September 16, 2008

Phyllis Granoff, Paul Hacker, Hajime Nakamura, Wilhelm Halbfass, and Sengaku Mayeda

kelamuni Gender: Male Age: 47 Location: Victoria About Me: The Sanskrit term “kela” is related to “keli,” which in Sanskrit means play, dalliance, or jest. The appellation “kelamuni” thus means “playful-muni.”

In a former life I was an Indologist. In my current incarnation I am exploring my capacities as a musician and transmitter of musical traditions. I remain interested in Indian intellectual history and spirituality, though I take an historical-critical approach toward modern Western appropriations of Asian religion and philosophy. For my views on such matters you can check out my web site, Explorations in Neo-Vedanta and Perennialism.

As an Indologist, I am a specialist in the thought of Shankara. As for scholars of Vedanta, I respect the work of Phyllis Granoff, Paul Hacker, Hajime Nakamura, Wilhelm Halbfass, and Sengaku Mayeda. My philosophical views have been shaped by Wittgenstein, Gadamer, Collingwood, and Kant, though I have an interest in traditional philosophers and exegetes like Nagarjuna and Chandrakirti. My personal views on spirituality can perhaps best be described as anarchic, in the spirit of figures like Asthavakra.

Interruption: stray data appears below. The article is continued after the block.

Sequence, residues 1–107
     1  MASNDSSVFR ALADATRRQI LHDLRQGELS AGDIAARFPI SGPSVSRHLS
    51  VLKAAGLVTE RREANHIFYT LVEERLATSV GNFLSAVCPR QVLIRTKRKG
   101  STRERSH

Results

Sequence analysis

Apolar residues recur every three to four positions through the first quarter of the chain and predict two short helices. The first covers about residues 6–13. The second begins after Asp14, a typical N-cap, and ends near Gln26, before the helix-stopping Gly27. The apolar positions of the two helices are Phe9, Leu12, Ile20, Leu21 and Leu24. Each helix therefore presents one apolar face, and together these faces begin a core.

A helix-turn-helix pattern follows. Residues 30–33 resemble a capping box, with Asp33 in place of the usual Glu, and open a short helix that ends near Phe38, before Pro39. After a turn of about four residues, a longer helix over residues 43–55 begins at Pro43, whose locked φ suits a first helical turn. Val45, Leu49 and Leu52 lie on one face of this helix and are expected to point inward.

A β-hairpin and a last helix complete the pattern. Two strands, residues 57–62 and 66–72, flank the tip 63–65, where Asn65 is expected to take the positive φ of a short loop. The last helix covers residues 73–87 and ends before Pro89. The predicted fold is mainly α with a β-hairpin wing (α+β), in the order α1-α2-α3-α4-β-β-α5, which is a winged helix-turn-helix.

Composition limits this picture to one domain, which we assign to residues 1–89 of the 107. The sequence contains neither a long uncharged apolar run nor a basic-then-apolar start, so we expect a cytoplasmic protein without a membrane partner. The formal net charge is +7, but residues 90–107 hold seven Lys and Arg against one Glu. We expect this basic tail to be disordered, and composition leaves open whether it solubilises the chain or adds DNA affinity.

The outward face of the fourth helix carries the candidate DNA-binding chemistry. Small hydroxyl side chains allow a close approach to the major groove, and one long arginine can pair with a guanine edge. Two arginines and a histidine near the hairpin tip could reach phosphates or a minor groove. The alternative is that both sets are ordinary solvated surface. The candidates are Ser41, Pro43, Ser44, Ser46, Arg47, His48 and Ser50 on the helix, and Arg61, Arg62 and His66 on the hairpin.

I studied Philosophy as an undergrad and Sanskrit at grad school. I have played in numerous orchestras and ensembles; managed a symphony orchestra for a stint; lived and studied in India; taught Buddhist Studies at a major American university; and helped raise my charming daughter...

Long term projects include: a short history of the origins of Vedanta; a collection of essays on the nature of advaita/advaya in classical Indian thought; a collection of annotated transcriptions of traditional reels and hornpipes from the Celtic and Oldtime fiddle traditions; a collection of recipes from the Moroccan, Turkish, Persian, and north Indian culinary traditions; and a CD of Donegal fiddle tunes. Member Since: Saturday, January 12 2008 6:38 PM

No comments:

Post a Comment